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Dual data rate in Xilinx WebPACK 7.1

 
 
Ben Jones
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      03-02-2006

"Rafal Pietrak" <(E-Mail Removed)-geek.com> wrote in message
news(E-Mail Removed)-geek.com...
> Couldn't help it Gave it another thought.... HDL semantics (or may be
> just WebPACK synthesizer implementation) look even stranger to me, now.


That is usually a sign of progress.

> The point is, that following your advice: if I were *reading* the HDL
> code, I'd imagine a 'priority decoder':
> 1) when reset_active --> do something...
> 2) when *it's*not*, but rising_edge(clk) occur --> do something else ...
> 3) when this isn't happening either, but there is a falling_edge() --> do
> yet another thing.
> Priority encoders do exist.


Granted. However, there's a world of difference between edges and levels
when it comes to synthesis. A priority encoder is a bit of combinatorial
logic that works as you describe above, but it works on levels, not edges:

if reset = '1' then
output <= "00";
elsif heads = '1' then
output <= "01";
elsif tails = '1' then
output <= "10";
else
output <= "11";
end if;

The difference is that combinatorial logic can be imagined as executing in
zero time, whereas rising_edge() and falling_edge() immediately imply some
notion of the passing of time. When a synthesis tool wants to build a piece
of combinatorial logic, it can basically use any combinatorial building
block that it wants. However, the synchronous building blocks in FPGAs (and
most digital systems) are rather more limited.

The task "transfer the value of signal A to signal B on the rising edge of
signal Clk" requires a register element - nothing else can do the job. If
you add to that "unless reset = '1', in which case assign '000' to signal
B", then a synchronous reset of that register is required. If instead you
prepend "if reset = '1' then B <= '000' else", then an asynchronous reset of
that register is required. If you go asking for
resets/sets/clears/clock-enables that aren't available, then the tool will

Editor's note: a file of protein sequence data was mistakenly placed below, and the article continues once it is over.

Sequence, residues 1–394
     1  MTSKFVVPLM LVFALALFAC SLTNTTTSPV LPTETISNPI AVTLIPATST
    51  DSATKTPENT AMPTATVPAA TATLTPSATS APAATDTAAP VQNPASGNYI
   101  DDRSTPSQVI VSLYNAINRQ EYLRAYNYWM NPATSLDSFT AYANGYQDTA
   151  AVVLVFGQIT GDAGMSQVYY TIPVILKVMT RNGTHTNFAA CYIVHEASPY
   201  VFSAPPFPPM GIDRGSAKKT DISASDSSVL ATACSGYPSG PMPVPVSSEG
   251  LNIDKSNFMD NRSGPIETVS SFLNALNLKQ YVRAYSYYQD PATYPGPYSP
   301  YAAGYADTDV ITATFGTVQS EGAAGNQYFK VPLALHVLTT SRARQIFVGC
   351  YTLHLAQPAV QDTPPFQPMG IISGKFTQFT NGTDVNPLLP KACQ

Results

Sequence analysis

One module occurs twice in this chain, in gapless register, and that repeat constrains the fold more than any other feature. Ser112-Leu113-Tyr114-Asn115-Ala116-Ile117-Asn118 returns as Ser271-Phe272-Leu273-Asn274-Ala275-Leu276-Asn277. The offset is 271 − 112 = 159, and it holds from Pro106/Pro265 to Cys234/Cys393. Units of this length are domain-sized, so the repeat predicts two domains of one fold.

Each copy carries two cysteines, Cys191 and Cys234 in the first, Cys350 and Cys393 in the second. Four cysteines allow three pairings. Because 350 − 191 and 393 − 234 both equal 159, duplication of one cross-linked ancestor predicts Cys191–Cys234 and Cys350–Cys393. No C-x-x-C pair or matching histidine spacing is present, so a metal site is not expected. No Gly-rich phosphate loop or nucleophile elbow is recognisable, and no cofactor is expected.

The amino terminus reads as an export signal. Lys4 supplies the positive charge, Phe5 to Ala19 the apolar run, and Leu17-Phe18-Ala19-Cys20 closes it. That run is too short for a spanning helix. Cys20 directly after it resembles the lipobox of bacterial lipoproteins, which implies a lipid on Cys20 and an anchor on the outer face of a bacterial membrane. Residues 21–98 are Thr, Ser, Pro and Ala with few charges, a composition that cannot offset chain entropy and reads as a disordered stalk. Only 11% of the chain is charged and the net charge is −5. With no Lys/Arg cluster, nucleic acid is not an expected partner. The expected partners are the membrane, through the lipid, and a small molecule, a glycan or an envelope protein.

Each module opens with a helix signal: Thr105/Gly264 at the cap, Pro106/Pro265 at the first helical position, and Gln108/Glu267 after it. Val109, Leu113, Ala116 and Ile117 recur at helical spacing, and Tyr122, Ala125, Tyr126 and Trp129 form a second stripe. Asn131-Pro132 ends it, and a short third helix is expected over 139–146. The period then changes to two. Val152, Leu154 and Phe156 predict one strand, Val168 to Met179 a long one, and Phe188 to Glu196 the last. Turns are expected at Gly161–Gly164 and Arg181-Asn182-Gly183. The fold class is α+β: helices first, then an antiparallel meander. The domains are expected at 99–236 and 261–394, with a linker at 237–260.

either try to emulate them (e.g. by adding AND gates) or will give up. The
same is true if you try to describe a transparent latch, or a double-edged
register, when such a thing isn't available in the technology.

> So it looks like I have to be *very* *very* cautious when writing HDL.


Don't be too cautious - you'll never get any work done! Mostly, it comes
down to learning the necessary idioms of the language (in this case,
synthesizable VHDL). Once you've written, simulated and synthesized a few
circuits you'll wonder what you ever thought was hard about it...

Cheers,

-Ben-


 
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Brian Drummond
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      03-04-2006
On Wed, 01 Mar 2006 11:34:24 +0100, Rafal Pietrak
<(E-Mail Removed)-geek.com> wrote:

>My final comment would be: I think that I've misinterpreted what VHDL
>'process' is. I thought of it as an 'abstract expression' of a 'circuit
>functionality' (as opposed to 'entity', which would be: a hardware
>component description/reference) ...


> /**-------------------------------------------------**/
>In other words: I tried to write an "HDL sentence" that describes circuit
>with *two* D-FF connected in series... and I ended up with a sentence
>describing a *single* D-FF but with dual-edge clock sensitivity. My
>lesson here is: a single 'process' does NOT describe an interconnect with
>two FFs.
>
>That's what I find surprising - first read (ok, first browse of VHDL
>textbook does not give that interpretation, really.


This is quite a good observation...

VHDL can describe those abstract expressions very well ... and a good
simulator like Modelsim will implement them correctly. Which is useful
for testbenches among other things - for example, you can express your
intent at the highest or cleanest level and verify its function.

But it's not so useful for actually implementing the design in hardware,
if the synthesis tool doesn't have a means of physically realising the
design. There, you need to transform the design into a lower level
description, which IS physically realisable.

The higher level description is still valuable - one use for it is to
run both implementations in parallel in a testbench, with a comparator
across their outputs to highlight any errors in the low level
implementation.

I have to agree that VHDL texts often highlight only one of these
aspects of VHDL - either the low-level aspect (so some people don't
realise VHDL has pretty good abstraction mechanisms) or the programming
language aspects - so others don't realise the compromises that have to
be made when targetting hardware...

I recommend a "VHDL synthesis guide" from your FPGA vendor of choice as
a starting point on the lower level aspects.

- Brian



 
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Brian Drummond
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      03-04-2006
On Thu, 02 Mar 2006 12:03:50 +0100, Rafal Pietrak
<(E-Mail Removed)-geek.com> wrote:

>Couldn't help it Gave it another thought.... HDL semantics (or may be
>just WebPACK synthesizer implementation) look even stranger to me, now.
>
>The point is, that following your advice: if I were *reading* the HDL